UK university heads Chinese pregnancy research project

Updated: 2016-10-26 00:47

By Cecily Liu(

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The University of Leicester is leading a five-year medical research project awarded by the Chinese government to investigate serious complications in pregnancy and to look at treatment of related conditions such as pre-eclampsia and diabetes.

The project will be based in Chongqing Pregnancy Centre, at Chongqing Medical University, in Southwest China. The project is also one of only 15 global projects chosen by China's 111 Programme, which aims at international research partnerships, the university said in an announcement this week.

Philip Baker, Dean of Medicine and Pro-Vice-Chancellor at the University of Leicester, who leads the collaboration, said the project is good for pregnancy research in China and generally, and good for Chongqing.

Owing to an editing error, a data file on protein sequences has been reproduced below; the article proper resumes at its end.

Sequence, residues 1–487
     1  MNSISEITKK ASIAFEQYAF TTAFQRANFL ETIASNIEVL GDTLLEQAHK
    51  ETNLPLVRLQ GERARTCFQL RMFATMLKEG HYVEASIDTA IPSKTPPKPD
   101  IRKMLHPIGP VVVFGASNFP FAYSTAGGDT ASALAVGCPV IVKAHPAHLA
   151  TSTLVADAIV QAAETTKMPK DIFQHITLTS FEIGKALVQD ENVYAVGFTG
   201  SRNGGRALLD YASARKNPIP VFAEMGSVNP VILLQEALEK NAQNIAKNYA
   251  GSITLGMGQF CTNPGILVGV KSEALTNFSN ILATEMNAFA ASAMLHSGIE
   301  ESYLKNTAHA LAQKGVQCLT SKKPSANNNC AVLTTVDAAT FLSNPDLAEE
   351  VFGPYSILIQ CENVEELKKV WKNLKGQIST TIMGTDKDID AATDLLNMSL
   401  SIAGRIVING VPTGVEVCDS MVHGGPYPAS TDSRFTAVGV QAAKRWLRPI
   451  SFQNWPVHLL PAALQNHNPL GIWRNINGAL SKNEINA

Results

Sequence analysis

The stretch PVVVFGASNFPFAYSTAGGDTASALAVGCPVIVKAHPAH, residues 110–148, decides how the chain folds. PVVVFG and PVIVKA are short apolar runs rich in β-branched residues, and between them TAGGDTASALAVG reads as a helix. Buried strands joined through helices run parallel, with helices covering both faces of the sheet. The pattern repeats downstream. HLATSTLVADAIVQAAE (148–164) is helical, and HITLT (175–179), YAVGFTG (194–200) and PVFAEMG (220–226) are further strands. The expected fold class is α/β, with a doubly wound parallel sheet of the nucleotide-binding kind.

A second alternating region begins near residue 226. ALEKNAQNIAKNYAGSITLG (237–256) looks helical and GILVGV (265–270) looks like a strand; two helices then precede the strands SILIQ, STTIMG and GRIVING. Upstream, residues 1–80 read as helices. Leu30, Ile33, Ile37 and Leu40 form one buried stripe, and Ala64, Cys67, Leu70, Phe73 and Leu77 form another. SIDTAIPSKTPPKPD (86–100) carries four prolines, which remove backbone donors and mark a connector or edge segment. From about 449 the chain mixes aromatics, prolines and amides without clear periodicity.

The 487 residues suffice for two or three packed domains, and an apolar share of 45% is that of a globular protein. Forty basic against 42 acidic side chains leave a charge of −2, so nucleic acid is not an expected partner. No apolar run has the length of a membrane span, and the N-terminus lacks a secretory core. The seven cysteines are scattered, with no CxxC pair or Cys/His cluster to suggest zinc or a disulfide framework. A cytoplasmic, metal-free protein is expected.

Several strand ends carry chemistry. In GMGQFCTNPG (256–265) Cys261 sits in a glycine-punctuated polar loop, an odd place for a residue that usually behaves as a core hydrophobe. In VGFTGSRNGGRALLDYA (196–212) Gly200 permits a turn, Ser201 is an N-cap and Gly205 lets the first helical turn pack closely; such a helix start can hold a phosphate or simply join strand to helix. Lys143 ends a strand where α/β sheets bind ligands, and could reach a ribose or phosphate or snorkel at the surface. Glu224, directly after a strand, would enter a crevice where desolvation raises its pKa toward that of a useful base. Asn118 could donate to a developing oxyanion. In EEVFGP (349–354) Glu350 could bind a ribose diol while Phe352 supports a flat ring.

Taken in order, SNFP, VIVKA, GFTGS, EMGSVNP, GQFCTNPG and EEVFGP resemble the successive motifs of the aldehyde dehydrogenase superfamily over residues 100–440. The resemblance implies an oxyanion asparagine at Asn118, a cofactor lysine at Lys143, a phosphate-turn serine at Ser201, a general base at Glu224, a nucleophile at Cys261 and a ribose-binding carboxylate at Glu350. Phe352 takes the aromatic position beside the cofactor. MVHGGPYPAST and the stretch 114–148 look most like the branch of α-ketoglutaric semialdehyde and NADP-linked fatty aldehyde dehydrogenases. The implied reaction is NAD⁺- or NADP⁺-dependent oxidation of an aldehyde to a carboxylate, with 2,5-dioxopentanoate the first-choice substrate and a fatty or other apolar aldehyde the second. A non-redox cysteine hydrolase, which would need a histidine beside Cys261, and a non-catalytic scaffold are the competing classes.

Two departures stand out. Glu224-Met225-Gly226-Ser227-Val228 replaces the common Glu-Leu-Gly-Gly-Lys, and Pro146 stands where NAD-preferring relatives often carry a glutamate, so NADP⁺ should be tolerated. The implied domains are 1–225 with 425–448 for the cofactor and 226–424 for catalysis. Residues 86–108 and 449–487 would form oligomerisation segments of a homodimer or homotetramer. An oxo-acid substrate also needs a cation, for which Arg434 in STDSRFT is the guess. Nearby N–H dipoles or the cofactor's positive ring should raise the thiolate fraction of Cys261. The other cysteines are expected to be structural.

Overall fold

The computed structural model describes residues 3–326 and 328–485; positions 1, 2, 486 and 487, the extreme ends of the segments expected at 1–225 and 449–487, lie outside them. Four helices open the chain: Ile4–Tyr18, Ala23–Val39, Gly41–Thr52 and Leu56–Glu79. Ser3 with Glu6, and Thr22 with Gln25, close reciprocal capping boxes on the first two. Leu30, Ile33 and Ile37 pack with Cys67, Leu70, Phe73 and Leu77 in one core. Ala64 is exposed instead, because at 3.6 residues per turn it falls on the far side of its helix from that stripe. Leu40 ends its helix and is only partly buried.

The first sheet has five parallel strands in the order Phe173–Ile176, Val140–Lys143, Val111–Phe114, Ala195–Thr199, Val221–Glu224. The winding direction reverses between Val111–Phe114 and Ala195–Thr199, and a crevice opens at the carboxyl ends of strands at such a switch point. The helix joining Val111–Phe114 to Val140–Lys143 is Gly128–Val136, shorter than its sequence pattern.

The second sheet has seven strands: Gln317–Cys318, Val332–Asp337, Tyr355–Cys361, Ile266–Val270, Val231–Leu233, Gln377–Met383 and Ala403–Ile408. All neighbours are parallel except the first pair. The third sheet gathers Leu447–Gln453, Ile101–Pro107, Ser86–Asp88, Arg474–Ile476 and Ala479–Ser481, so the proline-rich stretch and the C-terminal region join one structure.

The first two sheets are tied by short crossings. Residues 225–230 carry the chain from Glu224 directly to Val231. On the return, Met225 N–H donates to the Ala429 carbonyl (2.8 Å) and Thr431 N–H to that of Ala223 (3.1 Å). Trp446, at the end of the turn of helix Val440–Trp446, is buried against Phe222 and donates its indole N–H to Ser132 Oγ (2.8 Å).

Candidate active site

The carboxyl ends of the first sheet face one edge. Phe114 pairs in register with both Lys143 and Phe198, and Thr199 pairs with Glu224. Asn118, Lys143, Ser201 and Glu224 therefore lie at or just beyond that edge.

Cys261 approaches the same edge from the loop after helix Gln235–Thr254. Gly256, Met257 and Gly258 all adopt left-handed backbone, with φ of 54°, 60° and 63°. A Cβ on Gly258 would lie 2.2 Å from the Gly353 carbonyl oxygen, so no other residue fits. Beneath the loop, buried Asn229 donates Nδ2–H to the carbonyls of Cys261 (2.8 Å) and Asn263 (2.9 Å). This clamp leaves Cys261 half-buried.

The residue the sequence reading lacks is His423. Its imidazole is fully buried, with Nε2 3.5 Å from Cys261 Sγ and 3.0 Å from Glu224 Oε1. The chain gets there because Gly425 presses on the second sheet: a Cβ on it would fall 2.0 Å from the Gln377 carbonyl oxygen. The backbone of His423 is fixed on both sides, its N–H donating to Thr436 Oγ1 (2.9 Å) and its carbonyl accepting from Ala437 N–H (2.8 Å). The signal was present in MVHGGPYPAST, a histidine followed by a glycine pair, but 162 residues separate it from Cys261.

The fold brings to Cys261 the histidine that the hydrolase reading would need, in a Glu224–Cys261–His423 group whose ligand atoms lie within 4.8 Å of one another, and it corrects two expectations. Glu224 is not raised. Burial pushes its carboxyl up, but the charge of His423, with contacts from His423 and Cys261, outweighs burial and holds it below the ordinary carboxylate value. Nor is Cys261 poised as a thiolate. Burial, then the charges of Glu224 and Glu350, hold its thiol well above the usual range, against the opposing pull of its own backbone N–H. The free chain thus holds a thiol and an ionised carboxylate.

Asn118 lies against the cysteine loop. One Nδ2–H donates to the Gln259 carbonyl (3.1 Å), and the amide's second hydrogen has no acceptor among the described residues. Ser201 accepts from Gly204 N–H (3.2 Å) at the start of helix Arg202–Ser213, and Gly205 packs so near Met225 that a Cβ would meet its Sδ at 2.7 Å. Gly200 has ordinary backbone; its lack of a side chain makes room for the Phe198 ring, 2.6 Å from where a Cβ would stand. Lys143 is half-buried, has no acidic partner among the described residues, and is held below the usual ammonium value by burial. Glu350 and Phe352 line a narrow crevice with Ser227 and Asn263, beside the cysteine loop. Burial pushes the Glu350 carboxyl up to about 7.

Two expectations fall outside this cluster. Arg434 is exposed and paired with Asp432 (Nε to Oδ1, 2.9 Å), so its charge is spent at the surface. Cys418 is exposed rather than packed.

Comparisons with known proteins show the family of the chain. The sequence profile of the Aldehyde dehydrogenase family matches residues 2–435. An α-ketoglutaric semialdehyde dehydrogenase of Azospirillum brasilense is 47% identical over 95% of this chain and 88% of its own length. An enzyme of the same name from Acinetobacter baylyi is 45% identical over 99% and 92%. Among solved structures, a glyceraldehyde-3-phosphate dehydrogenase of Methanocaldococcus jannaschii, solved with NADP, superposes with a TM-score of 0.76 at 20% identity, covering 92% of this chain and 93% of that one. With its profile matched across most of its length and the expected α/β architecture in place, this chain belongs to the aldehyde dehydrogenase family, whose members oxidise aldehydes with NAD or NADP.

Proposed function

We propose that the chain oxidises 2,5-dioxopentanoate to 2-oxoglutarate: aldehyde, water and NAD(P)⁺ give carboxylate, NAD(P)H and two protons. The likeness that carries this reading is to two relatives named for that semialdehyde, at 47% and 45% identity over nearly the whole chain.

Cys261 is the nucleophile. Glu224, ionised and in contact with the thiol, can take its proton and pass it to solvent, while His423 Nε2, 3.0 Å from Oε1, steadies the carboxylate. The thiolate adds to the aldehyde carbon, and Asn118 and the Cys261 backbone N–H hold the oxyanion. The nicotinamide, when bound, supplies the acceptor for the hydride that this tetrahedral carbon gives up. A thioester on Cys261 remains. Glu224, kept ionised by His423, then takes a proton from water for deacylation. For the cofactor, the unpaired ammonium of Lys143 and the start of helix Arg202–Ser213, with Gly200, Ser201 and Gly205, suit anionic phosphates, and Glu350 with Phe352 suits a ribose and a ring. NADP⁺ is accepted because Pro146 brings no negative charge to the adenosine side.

"China is a leader in cellular research but less good at clinical research, so what we want to do is make sure this aspect develops," Baker said.

Baker developed the pregnancy center five years ago as part of China's 1,000 foreign experts scheme, which aims to encourage top foreign talent to work in the country. It has since won funding from the Gates Foundation and other sources.

Ten pregnancy experts globally will be partnered with academics in China to carry out work in to all aspects of pregnancy research, from molecular and cellular laboratory studies through to clinical trials.

One area of research, that takes advantage of China's huge population, will be to use the largest cohort of twins to look at the differential effects of the environment versus genes.

Researchers will also study growth restriction, where the fetus does not thrive within the womb, as well as diabetes in pregnancy and other conditions which can have major long-term implications for adult life.

Baker added collaborative research programs can bring many benefits, including increasing the possibility of further funding.

"China is one of the countries on the overseas develop aid list and much of the funding is funneled through that scheme. It is going to open up opportunities for the university as the collaboration strengthens and develops," Baker said.